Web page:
M&Ms that’s more than the NIH National Heart Lung and Blood Institute had
allocated to it to push the five portions a day of fruits and vegetables
than their big campaign in the 90s to try to reduce the prevalence of
hypertension so this is a serious issue now the answer isn’t so straightforward
if you take the obesity epidemic global climate change healthy nutritious diet
support for rural communities just think about these this question what’s better
to eat organic grapes that are transported thousands of miles from
Chile using fossil fuels conventional grapes from California that have been
grown using pesticides or in season apples grown in the next town our food
system is complex there is no simple single answer to all these problems but
we must begin and we must go step by step and I think a good starting place
is the principle of harm reduction which we use in public health there are very
few perfect solutions in public health there are no silver bullets my clinical
colleagues and the clinical life that I lead fort when
five years we very often had an intervention for a single patient that
would dramatically turn things around a new drug and operation something like
that but in public health we have to weigh many competing demands and try to
overall reduce harm to people several times today I’ve shared the example with
colleagues in conversation about needle exchange injection drug users are at
high risk for transmitting HIV AIDS and hepatitis C by sharing dirty works a
number of studies have now demonstrated that if you provide clean needles you
interrupt the transmission of HIV AIDS and hepatitis C and you don’t increase
drug use in fact you develop bonds of trust between the drug injection user
and the public health system and they begin to ask about method on treatment
and so on so what would be the harm reduction approach we need to have more
information to make informed choices about the pesticide treated grape from
California versus the organically grown grape flown in from Chile we need to
think about the consequences and the consequences of what we do and measure
the trade-offs and make some informed policy decisions because we can’t turn
the system around overnight I was impressed by how far apart people live
in Iowa gonna be hard to find an alternative method of transportation
that doesn’t require some use of fossil fuel for the foreseeable future but can
we do something about food miles can we do something about distribution systems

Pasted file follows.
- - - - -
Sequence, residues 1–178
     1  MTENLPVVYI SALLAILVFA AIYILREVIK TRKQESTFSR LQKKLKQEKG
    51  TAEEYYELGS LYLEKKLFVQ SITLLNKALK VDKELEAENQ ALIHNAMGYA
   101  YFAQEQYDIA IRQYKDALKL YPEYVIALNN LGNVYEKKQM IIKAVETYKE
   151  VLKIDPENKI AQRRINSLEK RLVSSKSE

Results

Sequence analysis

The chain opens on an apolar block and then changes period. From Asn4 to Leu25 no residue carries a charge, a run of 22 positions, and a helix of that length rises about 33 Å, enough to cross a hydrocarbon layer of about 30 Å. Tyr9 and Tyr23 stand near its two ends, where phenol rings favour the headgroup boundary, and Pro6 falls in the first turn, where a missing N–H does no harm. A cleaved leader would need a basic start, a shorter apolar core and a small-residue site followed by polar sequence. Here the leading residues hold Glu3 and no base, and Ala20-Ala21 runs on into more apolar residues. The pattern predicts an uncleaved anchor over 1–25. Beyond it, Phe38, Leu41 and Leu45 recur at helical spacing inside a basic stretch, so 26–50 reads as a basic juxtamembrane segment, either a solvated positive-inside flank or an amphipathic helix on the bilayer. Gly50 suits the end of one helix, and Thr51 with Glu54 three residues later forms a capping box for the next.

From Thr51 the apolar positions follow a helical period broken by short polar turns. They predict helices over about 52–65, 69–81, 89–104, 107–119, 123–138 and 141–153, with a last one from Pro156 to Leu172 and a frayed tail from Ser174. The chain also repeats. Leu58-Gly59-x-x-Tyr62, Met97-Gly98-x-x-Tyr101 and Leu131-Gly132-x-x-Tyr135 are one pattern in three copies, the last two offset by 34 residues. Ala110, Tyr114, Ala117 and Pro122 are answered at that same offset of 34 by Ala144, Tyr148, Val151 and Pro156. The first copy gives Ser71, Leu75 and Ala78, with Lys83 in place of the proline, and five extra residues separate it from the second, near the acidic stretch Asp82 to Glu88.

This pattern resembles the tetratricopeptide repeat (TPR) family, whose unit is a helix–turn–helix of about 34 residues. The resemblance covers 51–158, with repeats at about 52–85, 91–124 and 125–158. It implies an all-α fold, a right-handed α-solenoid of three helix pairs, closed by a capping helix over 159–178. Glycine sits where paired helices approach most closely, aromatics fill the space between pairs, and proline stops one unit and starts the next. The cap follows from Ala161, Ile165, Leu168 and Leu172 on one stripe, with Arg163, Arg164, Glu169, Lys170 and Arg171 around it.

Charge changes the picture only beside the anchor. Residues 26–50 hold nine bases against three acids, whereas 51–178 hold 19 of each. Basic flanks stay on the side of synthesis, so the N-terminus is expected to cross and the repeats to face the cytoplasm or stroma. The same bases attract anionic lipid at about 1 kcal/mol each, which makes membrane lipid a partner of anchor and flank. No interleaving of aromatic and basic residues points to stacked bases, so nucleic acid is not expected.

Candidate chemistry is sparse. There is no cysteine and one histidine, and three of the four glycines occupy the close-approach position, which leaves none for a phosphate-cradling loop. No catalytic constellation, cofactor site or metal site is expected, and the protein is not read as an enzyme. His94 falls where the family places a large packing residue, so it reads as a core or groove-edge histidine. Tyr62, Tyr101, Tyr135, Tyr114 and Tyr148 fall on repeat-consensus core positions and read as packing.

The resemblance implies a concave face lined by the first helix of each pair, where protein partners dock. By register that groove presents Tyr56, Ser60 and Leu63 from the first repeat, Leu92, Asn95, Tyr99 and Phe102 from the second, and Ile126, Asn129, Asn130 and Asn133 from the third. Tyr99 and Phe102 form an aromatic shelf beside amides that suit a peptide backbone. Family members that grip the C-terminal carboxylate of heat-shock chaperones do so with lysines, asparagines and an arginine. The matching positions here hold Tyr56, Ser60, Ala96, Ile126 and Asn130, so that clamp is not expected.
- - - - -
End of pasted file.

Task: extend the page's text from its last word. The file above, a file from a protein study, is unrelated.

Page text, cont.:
can we do something about the inputs to industrialize agriculture that saves
some of those fossil fuels for use in the transport secretary
good nutrition and a variety of fruits and vegetables are important but does
that mean we need to eat asparagus all year long or raspberries all year wrong
we have become so accustomed be able to go into the grocery store and get
exactly what we want I’m old enough to remember that peaches were a seasonal
delight strawberries were a seasonal delight root crops in the fall and
winter and I’m sure many of you remember that as well so what can we as public
health professionals bring to the table to work with you in the agricultural
sciences community well individually we can all make conscious food choice
decisions we can think about the carbon footprint of what we’re about to put in
our mouth and be guided by that we can support sustainable agriculture we can
pay that slight premium for locally grown and produced fruits and vegetables
locally grown and produced grass-fed beef free-range eggs whatever it is we
we have the capacity each time we purchase food to vote the right way we
can link food production and food security to public health through
greater emphasis on research and scholarship ten years ago when we
started the Center for livable future there were a lot of my colleagues who
were indulgent of my doing this for two reasons one I was an associate dean and
two I seemed to have a wealthy patron and I made a very conscious decision
that we were going to be a pass-through organization we were going to use our
funds to provide $20,000 innovation grants to students and faculty who were
willing to do research on food systems and with advice from people like Dennis
we developed our innovation Grants Program we have now made 60 of these
grants over the last seven or eight years I’m
going to show a few pieces of data from some of those grants on antibiotic
resistance in the poultry industry and the hog industry we’ve also begun to
look at food security issues locally in Baltimore regionally in the mid-atlantic
and with some colleagues looking at the nutrition transition in China and then a
few years later I was able to raise some additional money to start funding
pre-doctoral fellows in our ph.d program in the School of Public Health the only
requirement was they had to work on food systems and specifically in the first
few years they had to work on public health issues related to industrial food